Italy beat USA to take over the top position in the S50; Germany Lasker Schachstiftung GK is unstoppable in the S65 section.
The seventh round brought some unexpected results in the S50 section and very expected results in the S65 section.
Italy scored a very convincing victory over USA. As the match went on, the American team didn’t even stand a chance.
On board one, David (2523) demonstrated his attacking prowess and demolished Shabalov (2465) in mere 29 moves.
Black’s position was already bad, but his last move 21…h6, only provoked the crashing 22.Nxf7! Qx75 23.Qg4 Kg7 24.f5! and the curtain fell just five moves down the road – 1-0.
On board three, Ortega (2410) choked off Novikov (2513) in a hedgehog where, at first sight, it appeared that Black was quite alright, in view of White’s atypical placement of the pieces. It turned out however that it was a very effective setup.
After 16.e5! dxe5 17.Bxe7 Nxe7 18.Nxe5 White’s initiative became too strong to contain, and Ortega didn’t allow his opponent even a single chance, winning in 36 moves.
On the boards where USA was playing with the white pieces, Ehlvest (2530) couldn’t do much against Godena’s (2429) Queen’s Gambit Accepted and Yermolinsky’s (2419) misplacement of the rooks in the middlegame in the Catalan meant that he was the one fighting for equality against Bellia (2388).
An impressive and dominating match for the Italian team that stepped up when it mattered most. With this victory, Italy took over the lead from USA and how sits alone at the top of the standings with 12 points.
In the match between Iceland and North Macedonia Alkaloid, the first victory was scored on board three, where, in a very sharp position Bogdanovski (2385) blundered against Arnason (2419).
White doesn’t really threaten much on the kingside, so Black had a chance to start his own play on the queenside with either 29…b4 or 29…Qc2. Instead, he played a defensive move 29…Rd6? which allowed White to push 30.h5, creating a real threat g5-g6. In time trouble, Black went for what looked like a simplifying sequence, missing that after 30…fxg5 31.Rfxg5 Ne3? 32.Bxe3 Qxe3 33.Qxe3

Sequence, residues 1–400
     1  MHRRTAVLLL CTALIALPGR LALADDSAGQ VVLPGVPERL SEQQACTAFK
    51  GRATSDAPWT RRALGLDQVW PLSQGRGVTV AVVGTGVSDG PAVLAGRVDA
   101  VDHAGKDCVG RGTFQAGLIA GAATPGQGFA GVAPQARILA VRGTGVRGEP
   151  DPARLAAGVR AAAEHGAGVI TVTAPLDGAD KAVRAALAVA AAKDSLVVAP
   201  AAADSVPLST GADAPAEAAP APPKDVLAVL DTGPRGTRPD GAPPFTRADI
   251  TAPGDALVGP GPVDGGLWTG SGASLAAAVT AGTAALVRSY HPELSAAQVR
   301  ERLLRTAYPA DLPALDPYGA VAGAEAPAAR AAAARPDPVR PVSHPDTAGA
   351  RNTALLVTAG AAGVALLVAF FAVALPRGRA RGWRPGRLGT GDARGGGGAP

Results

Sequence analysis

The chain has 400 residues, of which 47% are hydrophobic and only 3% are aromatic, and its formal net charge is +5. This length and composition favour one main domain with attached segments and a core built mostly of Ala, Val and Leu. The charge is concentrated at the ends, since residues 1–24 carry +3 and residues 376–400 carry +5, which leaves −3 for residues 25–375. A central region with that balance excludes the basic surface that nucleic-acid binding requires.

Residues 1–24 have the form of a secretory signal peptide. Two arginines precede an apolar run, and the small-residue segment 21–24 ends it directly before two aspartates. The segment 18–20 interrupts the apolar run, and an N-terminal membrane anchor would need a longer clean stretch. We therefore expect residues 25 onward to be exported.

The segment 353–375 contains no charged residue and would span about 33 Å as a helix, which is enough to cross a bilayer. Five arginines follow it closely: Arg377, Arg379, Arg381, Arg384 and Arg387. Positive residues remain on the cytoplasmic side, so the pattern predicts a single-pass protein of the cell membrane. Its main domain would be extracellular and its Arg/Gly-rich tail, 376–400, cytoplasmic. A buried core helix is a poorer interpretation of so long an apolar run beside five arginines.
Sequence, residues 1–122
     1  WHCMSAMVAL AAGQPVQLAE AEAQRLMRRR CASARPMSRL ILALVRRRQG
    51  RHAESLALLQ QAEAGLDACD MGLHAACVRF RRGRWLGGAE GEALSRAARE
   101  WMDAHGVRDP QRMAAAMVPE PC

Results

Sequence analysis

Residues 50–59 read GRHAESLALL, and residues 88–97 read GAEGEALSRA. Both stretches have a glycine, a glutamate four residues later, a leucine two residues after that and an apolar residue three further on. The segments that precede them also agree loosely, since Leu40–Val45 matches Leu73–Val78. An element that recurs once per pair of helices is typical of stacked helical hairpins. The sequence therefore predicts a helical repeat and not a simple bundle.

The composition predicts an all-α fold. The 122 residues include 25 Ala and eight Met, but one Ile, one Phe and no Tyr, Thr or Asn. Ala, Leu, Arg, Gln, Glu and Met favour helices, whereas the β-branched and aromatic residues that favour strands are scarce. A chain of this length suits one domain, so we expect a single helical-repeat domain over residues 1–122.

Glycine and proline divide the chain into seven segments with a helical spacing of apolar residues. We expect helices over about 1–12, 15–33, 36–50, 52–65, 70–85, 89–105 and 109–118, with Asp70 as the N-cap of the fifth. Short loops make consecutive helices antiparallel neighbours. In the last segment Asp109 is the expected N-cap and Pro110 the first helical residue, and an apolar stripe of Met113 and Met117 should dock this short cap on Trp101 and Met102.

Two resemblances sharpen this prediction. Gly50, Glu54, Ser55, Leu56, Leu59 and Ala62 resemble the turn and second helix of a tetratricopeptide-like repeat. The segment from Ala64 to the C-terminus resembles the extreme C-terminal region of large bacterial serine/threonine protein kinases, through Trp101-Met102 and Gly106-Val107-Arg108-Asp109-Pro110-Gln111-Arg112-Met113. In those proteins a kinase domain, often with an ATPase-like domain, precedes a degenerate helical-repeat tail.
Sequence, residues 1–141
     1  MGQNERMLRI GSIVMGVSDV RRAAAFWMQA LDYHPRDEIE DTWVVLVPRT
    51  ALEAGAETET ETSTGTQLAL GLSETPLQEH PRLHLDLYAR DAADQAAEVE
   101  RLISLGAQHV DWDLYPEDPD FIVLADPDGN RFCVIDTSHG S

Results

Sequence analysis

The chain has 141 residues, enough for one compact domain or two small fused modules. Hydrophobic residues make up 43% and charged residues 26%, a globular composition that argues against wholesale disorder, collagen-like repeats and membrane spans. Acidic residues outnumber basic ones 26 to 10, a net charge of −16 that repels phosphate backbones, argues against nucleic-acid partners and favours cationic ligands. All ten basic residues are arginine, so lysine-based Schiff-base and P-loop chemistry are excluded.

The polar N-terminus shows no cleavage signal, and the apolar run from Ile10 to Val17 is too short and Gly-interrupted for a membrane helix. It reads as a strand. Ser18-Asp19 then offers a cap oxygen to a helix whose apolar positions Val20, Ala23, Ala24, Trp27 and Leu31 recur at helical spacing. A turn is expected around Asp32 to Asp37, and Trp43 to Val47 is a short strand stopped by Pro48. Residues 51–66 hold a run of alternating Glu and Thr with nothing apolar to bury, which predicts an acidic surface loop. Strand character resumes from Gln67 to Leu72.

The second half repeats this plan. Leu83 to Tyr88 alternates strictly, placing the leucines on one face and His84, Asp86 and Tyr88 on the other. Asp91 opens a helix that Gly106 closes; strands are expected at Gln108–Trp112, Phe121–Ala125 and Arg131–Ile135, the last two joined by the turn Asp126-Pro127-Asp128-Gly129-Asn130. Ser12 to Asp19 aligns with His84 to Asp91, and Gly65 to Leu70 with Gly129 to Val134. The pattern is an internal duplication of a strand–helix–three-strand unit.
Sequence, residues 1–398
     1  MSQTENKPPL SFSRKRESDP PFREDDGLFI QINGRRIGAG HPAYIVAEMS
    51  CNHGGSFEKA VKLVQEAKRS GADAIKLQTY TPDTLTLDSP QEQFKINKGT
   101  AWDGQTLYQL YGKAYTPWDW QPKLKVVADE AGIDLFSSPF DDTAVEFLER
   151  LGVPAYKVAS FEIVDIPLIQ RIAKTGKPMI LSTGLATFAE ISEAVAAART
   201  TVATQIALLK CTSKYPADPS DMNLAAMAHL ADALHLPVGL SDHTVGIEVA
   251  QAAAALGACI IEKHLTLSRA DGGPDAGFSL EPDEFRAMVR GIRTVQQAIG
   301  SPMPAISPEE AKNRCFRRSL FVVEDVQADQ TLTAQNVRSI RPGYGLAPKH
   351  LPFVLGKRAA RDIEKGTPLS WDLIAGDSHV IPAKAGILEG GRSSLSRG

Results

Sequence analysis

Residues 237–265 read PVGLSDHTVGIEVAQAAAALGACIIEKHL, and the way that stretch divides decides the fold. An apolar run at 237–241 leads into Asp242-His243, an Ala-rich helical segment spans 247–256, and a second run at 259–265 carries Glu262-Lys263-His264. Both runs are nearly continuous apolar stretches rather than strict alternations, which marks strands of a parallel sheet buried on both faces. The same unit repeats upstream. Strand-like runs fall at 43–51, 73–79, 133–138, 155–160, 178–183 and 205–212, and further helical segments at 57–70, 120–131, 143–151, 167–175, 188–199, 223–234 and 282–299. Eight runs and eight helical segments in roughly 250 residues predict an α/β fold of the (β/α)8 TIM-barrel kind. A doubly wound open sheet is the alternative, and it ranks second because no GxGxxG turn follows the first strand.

He cannot recapture on e3 in view of the mate on g8. 1-0
A balanced draw on board four between Stanojoski (2351) and Thorallsson (2382) followed before Nedev (2465) equalised the score with a win over Petursson (2396). The game was one-sided, as Black couldn’t recover from the bad opening choice he made early on.
In this well-known Najdorf position arising from the line with 6.h3, Black went for the very dubious 8…d5? which led to a bad endgame after 9.fxe5 Nxe4 10.Nxe4 dxe4 11.Qxd8 Kxd8 12.Bf4.
Black had problems with the pawn on e4, and while he tried to defend it with tactical means, eventually, White emerged with an extra pawn, which he converted without much trouble.
With the match tied, everything depended on the result on board one. Hjartarson (2432) and Georgiev (2542) reminded us of the famous Karpov-Kasparov duels in the Classical Scheveningen. The position remained balanced for a very long time, but it was notable that Hjartarson avoided possible repetitions and kept the game going.
Black should have just bided his time with 57…Qe7, for example, but he lunged forward with 57…f5? Most likely, this decision was based on miscalculation, as White could have taken the pawn on f5, either with knight or queen, which would have given him a winning advantage.
However, it appears that both players were under the impression that the pawn shouldn’t be taken. The game went 58.b6 (also good) Qf6 59.Nc6? (instead of the winning capture on f5).
Now Black should have played 59…Qg5, but he probably missed the drawing combination:
After 59…Qg5! 60.b7 Nxb7 61.Rxb7 Rxg2! 62.Qxg2 Qh4 leads to a perpetual check.
Georgiev chose 59…Qf7?! which resulted in White’s winning a piece after 60.Nd8 Qxd5 61.Qxd5 Rxd5 62.b7, but the ensuing endgame should still be a draw.